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Kavitt Kaleidoscope - weaving rhythm, poetry and history
- Dr.Anupma Harshal

October 14, 2020

A tribute to Pandit Lacchu Maharaj was paid through Kathak presentations that lasted a week, the event being curated by Sunil Sunkara. The celebration aptly called Guldasta-e-Kathak had the essence and colours of different aspects of Kathak. It saw the participation of several national and international artistes - Richa Srivastav (London), Rachit Tiwari, Simran Khurana, Paullumi Mukherjee, Guru Pratap Pawar, Dr.Padma Sharma and Tarini Tripathi, Kantika Mishra (Lucknow), Ragini Maharaj (Delhi), Karan Kishan (Nasik), Nikhil Ravi Parmar (Pune) and more. One of the notable presentations in this celebration was the Kavitt Kaleidoscope in Kathak presented by Gayatri Bhat, Kathak Faculty of the Art of Living Academy of Performing Arts (ALAP), Badlapur.

Kavitta is the balanced equilibrium of Laya, Taal and Bhava - Nrityam laya taal bhava ashrayam that is also interpreted by many as presenting a story, an act or a narrative; many a times it has poetry woven into it. Gayatri Bhat, a fashion technologist, is a student of Guru Ranjana Phadke who is herself an erstwhile Kathak exponent. She set the tone of the day which was Ananth Chaturdashi by rendering a Ganesh Paran that was set to tune by young tabla artiste Swapnil Bhise and choreographed by Ranjana Phadke. The flow of the paran was flawless as it followed the rhythmic pattern of tate katan dha tit dha. A mellifluous tribute to Pandit Lacchu Maharaj in the form of the Ardhanari Nateshwar saw the amalgamation of ardha kati baghambar sohe, ardha bhuja shwetambar sohe, jai jai jai ardhang pati. The Kavitta has been sourced from the book 'Kathak mein Kavitta Chand' authored by Dr.Manjiri Deo. She beautifully presented both Shiva and Gauri, depicting the confluence of strength and poise.

The best part of the performance was the kavita presented on the backdrop of the pandemic situation. She used the analogy of the situation we are in today to that of the khand jati. The driving force for the creation of this piece was the disease all around us, forcing us into the present state of inertia. Set in khand jati, called so because it is khandit (into 3 and 2), made up of tisra (3) and chatushra jati (4) respectively, joining them to form 5 laghus. It was truly symbolic of our present condition, separation (social distance) and yet being connected (through technology). Being confined in our homes unable to meet, it has enabled us to remain connected by digital media. The presentation brought the beautiful choreographer in Gayatri to the fore who used her own experience to put forth the khand khand ho aaj jeevan, dhin takit dhin takit. She used the act to convey messages of washing hands, wearing a mask, being compassionate to each other and the role of music and dance to bond us together.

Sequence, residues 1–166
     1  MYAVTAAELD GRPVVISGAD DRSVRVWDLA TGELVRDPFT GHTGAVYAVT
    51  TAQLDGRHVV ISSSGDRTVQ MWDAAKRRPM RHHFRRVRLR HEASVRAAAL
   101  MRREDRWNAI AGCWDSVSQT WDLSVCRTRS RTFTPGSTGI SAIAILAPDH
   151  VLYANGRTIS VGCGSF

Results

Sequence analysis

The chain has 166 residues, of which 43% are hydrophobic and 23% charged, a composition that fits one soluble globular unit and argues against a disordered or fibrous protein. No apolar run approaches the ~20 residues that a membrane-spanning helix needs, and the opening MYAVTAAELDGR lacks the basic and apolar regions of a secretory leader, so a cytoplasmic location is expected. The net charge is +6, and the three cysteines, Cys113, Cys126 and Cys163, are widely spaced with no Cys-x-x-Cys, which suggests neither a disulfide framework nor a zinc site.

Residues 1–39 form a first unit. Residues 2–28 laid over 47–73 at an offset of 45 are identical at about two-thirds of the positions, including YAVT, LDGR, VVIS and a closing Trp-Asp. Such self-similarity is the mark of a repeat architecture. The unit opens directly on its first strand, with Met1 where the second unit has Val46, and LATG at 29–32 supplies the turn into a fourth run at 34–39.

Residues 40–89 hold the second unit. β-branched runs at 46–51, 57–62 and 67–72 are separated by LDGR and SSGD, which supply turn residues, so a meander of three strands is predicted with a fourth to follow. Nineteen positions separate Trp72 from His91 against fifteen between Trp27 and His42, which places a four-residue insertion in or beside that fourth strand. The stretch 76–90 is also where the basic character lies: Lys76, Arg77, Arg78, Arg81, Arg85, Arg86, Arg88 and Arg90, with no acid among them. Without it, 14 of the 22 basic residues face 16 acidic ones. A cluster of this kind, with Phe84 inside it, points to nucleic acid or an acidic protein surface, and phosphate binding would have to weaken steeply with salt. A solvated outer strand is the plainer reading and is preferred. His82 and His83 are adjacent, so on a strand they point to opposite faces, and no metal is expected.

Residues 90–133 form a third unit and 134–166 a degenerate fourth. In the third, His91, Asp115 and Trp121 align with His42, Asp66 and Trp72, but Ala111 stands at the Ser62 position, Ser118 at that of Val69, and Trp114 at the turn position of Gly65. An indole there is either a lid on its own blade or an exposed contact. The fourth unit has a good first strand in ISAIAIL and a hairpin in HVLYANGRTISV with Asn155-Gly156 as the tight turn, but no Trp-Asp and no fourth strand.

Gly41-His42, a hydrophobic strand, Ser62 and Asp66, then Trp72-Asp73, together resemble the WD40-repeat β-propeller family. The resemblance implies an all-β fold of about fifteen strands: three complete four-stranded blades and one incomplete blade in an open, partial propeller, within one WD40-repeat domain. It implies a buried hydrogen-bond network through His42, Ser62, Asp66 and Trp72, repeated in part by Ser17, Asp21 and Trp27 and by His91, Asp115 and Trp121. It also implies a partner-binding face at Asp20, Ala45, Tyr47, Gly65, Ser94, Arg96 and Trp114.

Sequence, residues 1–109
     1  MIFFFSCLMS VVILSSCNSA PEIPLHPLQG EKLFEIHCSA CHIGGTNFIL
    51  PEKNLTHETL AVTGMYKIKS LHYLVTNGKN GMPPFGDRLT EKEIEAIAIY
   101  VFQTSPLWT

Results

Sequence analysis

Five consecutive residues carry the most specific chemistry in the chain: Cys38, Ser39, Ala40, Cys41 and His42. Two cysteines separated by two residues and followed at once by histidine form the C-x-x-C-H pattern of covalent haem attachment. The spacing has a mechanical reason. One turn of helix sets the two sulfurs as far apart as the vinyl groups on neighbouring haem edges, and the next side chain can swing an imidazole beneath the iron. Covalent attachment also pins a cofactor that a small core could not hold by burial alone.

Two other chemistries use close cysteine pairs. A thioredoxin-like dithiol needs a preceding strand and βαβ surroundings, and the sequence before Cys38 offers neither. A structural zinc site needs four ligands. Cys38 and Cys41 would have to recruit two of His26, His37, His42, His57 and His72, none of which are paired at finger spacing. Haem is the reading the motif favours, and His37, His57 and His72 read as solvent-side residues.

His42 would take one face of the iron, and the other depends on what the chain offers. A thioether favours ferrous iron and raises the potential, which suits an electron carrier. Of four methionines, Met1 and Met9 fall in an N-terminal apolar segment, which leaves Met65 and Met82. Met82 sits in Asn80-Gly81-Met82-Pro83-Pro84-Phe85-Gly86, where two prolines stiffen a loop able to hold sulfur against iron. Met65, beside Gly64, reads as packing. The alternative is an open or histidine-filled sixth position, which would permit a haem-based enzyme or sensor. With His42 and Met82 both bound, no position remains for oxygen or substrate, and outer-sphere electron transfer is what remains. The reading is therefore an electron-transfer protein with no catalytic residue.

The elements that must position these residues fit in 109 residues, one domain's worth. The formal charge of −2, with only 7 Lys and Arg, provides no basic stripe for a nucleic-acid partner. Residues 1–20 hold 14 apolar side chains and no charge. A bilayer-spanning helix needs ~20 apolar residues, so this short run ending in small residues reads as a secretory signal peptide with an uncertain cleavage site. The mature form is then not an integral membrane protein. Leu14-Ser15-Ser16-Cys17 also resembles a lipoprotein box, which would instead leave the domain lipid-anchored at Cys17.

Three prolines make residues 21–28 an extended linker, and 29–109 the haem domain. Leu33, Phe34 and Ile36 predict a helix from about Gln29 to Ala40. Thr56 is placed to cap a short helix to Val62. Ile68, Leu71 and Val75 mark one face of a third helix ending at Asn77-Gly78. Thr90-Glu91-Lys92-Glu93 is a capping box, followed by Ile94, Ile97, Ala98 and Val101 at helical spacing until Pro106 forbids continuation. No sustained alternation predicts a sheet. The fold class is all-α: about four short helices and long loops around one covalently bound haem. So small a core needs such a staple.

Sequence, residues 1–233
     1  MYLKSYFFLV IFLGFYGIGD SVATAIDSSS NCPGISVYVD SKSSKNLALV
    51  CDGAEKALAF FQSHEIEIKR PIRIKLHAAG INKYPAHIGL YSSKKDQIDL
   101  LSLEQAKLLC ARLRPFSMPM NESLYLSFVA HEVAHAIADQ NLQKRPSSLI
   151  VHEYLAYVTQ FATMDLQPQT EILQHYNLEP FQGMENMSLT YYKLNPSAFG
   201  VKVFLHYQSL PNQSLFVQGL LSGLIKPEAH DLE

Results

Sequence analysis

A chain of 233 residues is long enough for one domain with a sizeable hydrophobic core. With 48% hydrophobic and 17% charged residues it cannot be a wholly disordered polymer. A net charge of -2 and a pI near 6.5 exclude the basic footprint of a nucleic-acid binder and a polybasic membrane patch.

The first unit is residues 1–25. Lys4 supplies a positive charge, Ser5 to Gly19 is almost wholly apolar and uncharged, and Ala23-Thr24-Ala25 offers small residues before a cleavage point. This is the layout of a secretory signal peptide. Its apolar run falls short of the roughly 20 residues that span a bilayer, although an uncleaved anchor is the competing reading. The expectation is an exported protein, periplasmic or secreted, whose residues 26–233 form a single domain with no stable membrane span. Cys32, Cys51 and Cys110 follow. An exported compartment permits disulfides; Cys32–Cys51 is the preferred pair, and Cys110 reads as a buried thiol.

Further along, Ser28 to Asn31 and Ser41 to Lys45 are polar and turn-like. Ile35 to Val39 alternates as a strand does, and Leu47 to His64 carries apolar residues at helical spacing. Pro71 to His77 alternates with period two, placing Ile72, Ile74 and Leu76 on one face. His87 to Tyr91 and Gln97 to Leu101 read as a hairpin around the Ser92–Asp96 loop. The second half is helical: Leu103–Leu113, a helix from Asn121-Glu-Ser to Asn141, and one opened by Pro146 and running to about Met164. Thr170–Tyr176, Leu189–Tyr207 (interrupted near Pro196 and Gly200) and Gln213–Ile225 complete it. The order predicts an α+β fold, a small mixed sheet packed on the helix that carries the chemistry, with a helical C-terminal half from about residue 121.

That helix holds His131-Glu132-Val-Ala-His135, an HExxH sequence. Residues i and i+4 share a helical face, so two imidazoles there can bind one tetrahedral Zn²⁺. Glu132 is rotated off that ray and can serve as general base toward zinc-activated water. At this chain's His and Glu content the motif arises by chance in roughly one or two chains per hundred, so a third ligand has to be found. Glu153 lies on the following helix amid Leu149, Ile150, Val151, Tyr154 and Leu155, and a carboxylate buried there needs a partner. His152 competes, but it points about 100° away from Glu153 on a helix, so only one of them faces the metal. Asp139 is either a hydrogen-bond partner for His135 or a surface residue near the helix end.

Next was an intense Ganga kavitta where Bhishma wanted to meet Ganga once, lying on his death bed; however the backdrop of the war didn't allow the river to reach him. Parched and thirsty, he lay there while she was restless to meet him. Parth understood this agony and made way for the river to meet her son, who showered him in glory with the water blessing him as a mother would bid final adieu to her child. Simple movements, many characters and the portrayal of pain and restlessness were true to life.This kavitta composed by Gayatri along with Sunil Sunkara, Shruti Vaidya and Paullumi Mukherjee was part of a paper on 'Ganga, in the metrical patterns of Kathak' published by Kanishka publishers and distributed in Delhi. It features in the book 'Ganga Ki Sanskritik Swarlahariya' edited by Dr.Madhurani Shukla and Shambhavi Shukla.

The last note was a Mayur kavitta taka dhikit mayur mor, of how the dancing peacock enthuses an individual to dance like the free bird. The poetess expresses the desire of how watching the peacock dance in his own world, she too desires of wanting to let go her heart out in the rains. The composition has the counts of chatushra in tisra beats, nadhindhin nanadhin dhinnana dhindhinna. As tisra jati is one of the lively jaatis of Hindustani sangeet, it was selected for the composition to depict the freshness of monsoon and the dancing peacock. It ends with a beautiful nruttangi bol. Gayatri brought out a spectrum of emotions through her performance that was a treat to watch, delightful and original. The table sangat by Saurabh Paithankar added beautiful notes to her dance and padhant. Her renditions received choreographic guidance by her guru Ranjana Phadke.

The Kavitt Kaleidoscope was an attempt to collate, and offer the audience a taste of well curated Kavitts in Kathak.The success of this initiative led Art of Living Academy of Performing Arts to continue Kavitt Kaleidoscope as a regular weekly feature to reach out to a wider audience and motivate students to take up a keen interest in both the learning and rendering of Kavitta in Kathak repertoire. The series incorporates interactions with maestros as well as performance videos.

Dr. Anupma Harshal is a Research Scientist in Biology and has been trained in Kathak dance by late Pandit Brijraj Mishra.

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